So we didn’t actually introduce a new sound at The Enchantment Under the Sea dance, but we were close to sending McFly back in the DeLorean to keep our Lot 30 Côtes du Rhône from fading from our portfolio. In reality, we had to travel from 2011 to 2014 to get back to 2009. This did not necessitate a flux capacitor, but it did require a unique business model, a dedication to quality, patience, and a bit of luck. Fortunately, we awoke with renewed confidence and a great wine.
Let’s take a moment to look at the past. After the blistering summer of 2003, the rest of the decade was a succession of exceptional vintages in the Southern Rhone…during the odd numbered years. It was no wonder that we were able to find a highly rated and truly enjoyable 2009 Côtes du Rhône for the inaugural 90+ Cellars Lot 30. Simply put, it was not hard to like this wine. It was medium bodied, fruit driven, and had enough structure and acidity to be taken seriously. The 2009 vintage epitomized what was so appealing about Côtes du Rhône: affordable and enjoyable, while still ‘real wine’.
Next came 2010, which strove to be a more balanced interpretation of 09. For most producers, it succeeded in this endeavor, with Lot 30 being no exception. This vintage brought more structure and character to the wine. Even the late rains of 2011 did not detract from its quality. Over the two subsequent vintages, the intense fruit of 2009 was slowly replaced with increased tannic structure and a pleasant earthy character.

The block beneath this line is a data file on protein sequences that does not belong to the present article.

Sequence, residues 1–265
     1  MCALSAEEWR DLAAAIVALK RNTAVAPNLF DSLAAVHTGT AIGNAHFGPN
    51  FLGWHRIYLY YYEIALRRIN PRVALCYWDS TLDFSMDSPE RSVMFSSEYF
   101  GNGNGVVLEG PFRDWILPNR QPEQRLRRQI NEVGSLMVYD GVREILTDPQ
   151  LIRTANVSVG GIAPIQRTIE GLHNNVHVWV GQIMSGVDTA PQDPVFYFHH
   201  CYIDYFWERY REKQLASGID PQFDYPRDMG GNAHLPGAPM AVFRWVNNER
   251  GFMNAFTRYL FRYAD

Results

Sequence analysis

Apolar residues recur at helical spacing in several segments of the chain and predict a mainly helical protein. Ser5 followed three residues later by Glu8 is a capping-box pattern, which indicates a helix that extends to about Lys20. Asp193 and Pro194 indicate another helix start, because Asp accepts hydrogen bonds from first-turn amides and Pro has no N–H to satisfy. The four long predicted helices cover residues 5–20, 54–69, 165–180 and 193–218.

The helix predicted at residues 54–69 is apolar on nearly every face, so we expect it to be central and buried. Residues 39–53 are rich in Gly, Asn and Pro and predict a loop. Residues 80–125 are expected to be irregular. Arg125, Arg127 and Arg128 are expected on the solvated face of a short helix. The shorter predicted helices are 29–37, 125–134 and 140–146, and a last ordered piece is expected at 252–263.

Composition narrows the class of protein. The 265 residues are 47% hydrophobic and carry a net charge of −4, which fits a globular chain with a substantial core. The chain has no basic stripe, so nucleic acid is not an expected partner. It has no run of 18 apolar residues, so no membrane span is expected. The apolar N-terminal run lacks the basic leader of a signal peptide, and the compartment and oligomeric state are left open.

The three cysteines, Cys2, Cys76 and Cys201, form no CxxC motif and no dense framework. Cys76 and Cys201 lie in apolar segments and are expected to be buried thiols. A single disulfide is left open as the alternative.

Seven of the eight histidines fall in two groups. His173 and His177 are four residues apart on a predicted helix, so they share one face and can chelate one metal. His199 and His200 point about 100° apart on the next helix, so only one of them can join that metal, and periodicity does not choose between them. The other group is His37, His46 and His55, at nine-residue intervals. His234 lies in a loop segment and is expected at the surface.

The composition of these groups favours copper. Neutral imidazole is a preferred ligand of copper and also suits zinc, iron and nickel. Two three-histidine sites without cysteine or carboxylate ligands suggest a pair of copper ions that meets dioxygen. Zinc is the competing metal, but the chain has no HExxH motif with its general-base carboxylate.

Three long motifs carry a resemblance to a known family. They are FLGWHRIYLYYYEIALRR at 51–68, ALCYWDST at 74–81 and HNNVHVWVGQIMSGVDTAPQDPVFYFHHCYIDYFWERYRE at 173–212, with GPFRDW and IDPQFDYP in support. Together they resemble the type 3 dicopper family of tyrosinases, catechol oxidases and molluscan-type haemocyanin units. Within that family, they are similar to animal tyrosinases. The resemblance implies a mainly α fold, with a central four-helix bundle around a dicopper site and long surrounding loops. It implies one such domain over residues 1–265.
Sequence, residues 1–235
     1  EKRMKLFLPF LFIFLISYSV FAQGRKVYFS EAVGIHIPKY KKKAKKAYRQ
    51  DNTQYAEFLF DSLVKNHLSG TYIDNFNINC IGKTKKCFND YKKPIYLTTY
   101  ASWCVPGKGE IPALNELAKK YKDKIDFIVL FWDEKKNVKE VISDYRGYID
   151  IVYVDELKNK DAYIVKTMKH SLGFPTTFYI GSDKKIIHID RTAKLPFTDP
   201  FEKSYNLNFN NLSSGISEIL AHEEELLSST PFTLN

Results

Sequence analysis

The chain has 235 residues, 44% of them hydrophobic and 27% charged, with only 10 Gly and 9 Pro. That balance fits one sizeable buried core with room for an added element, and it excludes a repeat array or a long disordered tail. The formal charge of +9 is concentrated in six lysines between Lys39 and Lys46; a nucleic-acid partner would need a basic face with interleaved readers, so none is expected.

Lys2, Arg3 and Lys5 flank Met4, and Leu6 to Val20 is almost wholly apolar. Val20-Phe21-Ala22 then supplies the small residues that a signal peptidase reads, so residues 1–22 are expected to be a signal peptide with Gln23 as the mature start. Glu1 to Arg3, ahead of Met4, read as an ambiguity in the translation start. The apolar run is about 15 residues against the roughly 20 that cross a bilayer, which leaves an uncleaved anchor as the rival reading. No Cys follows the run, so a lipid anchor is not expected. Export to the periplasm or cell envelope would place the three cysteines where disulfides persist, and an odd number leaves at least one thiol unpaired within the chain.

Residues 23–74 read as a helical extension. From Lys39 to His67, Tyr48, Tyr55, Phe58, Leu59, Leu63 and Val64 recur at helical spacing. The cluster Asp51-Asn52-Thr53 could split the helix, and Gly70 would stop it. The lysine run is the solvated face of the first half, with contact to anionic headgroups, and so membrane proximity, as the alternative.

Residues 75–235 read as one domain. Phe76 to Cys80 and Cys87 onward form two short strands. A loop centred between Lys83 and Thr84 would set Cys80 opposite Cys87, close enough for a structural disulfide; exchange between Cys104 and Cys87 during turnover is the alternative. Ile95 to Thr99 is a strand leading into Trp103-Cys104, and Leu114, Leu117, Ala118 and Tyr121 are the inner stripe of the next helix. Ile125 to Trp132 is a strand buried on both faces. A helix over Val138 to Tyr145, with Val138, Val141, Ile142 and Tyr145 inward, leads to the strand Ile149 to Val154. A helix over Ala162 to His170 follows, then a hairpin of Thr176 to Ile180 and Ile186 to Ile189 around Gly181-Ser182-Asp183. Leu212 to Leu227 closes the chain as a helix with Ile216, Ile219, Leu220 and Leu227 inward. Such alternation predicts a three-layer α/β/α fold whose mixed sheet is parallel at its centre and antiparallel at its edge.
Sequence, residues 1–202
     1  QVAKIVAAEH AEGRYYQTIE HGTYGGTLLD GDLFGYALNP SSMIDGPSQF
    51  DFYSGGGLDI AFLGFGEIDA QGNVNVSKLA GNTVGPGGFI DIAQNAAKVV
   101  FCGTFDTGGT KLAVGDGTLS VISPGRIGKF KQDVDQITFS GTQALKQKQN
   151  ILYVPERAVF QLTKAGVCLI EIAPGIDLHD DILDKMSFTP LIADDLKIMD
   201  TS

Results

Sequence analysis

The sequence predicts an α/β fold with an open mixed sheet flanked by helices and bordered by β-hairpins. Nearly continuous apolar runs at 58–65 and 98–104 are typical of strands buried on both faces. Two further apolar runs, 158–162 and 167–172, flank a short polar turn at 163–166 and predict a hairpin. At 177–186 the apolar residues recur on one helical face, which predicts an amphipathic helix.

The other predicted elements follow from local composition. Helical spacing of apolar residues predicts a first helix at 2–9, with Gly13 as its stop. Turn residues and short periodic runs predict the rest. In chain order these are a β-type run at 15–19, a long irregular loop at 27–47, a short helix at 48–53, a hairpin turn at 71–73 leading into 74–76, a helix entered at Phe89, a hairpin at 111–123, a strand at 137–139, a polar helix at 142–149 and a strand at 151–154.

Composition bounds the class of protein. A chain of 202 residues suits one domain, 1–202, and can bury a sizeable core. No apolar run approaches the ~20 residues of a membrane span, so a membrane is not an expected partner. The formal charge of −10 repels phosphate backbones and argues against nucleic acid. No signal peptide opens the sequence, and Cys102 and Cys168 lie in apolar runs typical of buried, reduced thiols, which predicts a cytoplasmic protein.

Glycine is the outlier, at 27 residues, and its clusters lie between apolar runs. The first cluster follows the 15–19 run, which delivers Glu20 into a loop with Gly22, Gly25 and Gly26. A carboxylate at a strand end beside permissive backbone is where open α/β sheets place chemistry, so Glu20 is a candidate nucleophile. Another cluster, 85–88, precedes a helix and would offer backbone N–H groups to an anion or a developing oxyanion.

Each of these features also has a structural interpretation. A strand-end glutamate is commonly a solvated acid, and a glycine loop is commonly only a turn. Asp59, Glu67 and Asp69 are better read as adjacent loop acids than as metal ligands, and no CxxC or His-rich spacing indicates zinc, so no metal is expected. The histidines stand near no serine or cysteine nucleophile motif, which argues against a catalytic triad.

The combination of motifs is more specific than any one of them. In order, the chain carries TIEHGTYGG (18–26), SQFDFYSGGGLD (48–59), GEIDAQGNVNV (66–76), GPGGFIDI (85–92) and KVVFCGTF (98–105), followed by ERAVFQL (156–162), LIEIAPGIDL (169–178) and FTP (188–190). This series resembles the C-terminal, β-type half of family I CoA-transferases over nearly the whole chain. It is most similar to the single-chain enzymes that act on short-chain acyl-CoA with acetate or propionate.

In a sense, Biff entered our lives with the 2012. Seemingly, every Côtes du Rhône we tasted from that vintage, even from our producer of Lot 30, just did not seem to deliver the quality at the price we had become accustomed to. This trend continued even into the samples we received of 2013. I am in no way implying that these two vintages lacked quality. In truth, the issue was with quantity. Both produced extremely small crops, meaning a majority of the grapes made their way into cru and village labeled wines and top cuvees. This left little quality fruit for affordable regional wines.
This is where the business of wine meets the nature of wine. Most producers and companies have to take the good with the bad as it relates to vintages in the wine industry. Quite often, this means price fluctuations or aggressive sales tactics. A fortunate few (thankfully 90+ Cellars is included in this small list) are positioned to take advantage of optimal vintages and avoid the tough years. As much as owning a vineyard has a great appeal, buying as opposed to growing) has its freedom.
After conceding to the fact that we were probably going to retire Lot 30’s number after the 2012 vintage, samples of the 2014 vintage found their way to our office in spring 2015. What we tasted in tank was enough to convince us to invest in the future. Now that the finished wine has landed in bottle, we believe our patience and risk have paid off. This is not a resurrection of ‘09 in the flesh, so to speak, but it is a return to a fruit forward wine…but with a certain charm and freshness.
I know it’s the 2014 vintage, and you may not be ready for it yet, but trust me. YOU’RE gonna love it!
Michael Munk is our Portfolio Manager as well as Sales Manager in CT and RI.
You can try Lot 30 Côtes du Rhône at 15% off in our online store – now through Thursday 7/16! Click here to shop.